THE central bank is expected to hike its repo rate next week,
He said the expected hike will be the start of a rate hiking cycle that will last for the next 18 months at least.
"As such, we expect to see a total move of 150 basis points by year end, thus increasing the repo rate from the current level of 5,5% to seven percent. We expect to see this 150 point increase broken down into three moves, including a February hike of 50 basis points, with further hikes coming in August and October, of 50 points each. Theoretically, these moves could be larger, but given the current levels of national indebtedness and financial stability risks of large hikes from a low interest rate base, we believe the Bank will be cautious of large or fast hikes," Brown wrote in an opinion piece yesterday.
He said the
NEED FOR HIKES
Brown said all the economists already pointed to the fact that
Brown said unlike in much of the rest of the world, where monetary policy tightening is occurring already, the Namibian economy is growing, and growing fast.
With growth of over five percent expected in 2014, the economy will actually be overheating, which can be expected to drive up demand side inflation.
On the inflation front, Brown says while the current inflation picture for
On currency reserve levels, he says the bank has to carefully manage reserve levels, which will be no easy feat in 2014 after these levels declined substantially through 2013, falling to well below the benchmark level of three months of import cover on a number of occasions through the latter part of the year.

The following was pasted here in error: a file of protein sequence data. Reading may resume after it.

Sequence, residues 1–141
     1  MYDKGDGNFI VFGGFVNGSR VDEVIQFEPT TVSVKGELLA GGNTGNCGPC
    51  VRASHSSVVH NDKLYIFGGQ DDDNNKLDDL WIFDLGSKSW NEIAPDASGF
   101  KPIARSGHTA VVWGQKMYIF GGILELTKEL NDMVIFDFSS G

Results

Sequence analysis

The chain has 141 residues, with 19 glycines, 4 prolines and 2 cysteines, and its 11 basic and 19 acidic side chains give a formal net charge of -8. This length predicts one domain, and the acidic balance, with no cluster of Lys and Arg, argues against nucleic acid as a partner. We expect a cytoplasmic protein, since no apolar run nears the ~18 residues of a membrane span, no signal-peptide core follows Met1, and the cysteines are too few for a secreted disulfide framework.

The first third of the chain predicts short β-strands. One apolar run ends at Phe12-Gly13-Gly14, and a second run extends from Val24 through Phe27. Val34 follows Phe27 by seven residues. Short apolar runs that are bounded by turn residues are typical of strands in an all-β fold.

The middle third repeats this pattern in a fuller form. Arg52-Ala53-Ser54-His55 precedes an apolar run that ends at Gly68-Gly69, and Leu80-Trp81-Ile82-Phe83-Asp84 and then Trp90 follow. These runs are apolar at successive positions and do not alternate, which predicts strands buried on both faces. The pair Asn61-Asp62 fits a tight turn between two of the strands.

"Interest rate moves must be taken pre-emptively, and thus, with the horse eying up the stable door, the time to move is now. Much of the world is starting a process of monetary policy consolidation, and most of the world is doing so while in an altogether far weaker growth, and far stronger balance of payments positions than those of
Brown said the concern for
"The time for soft guidance is now over, and a rate increase is required. Should the Bank not move now, a risk exists of being forced to make large rate hikes over a short period of time in the future, which may cause some financial duress for the Namibian people, considering the high level of national household indebtedness, which may in turn result in risks to financial stability," he said.
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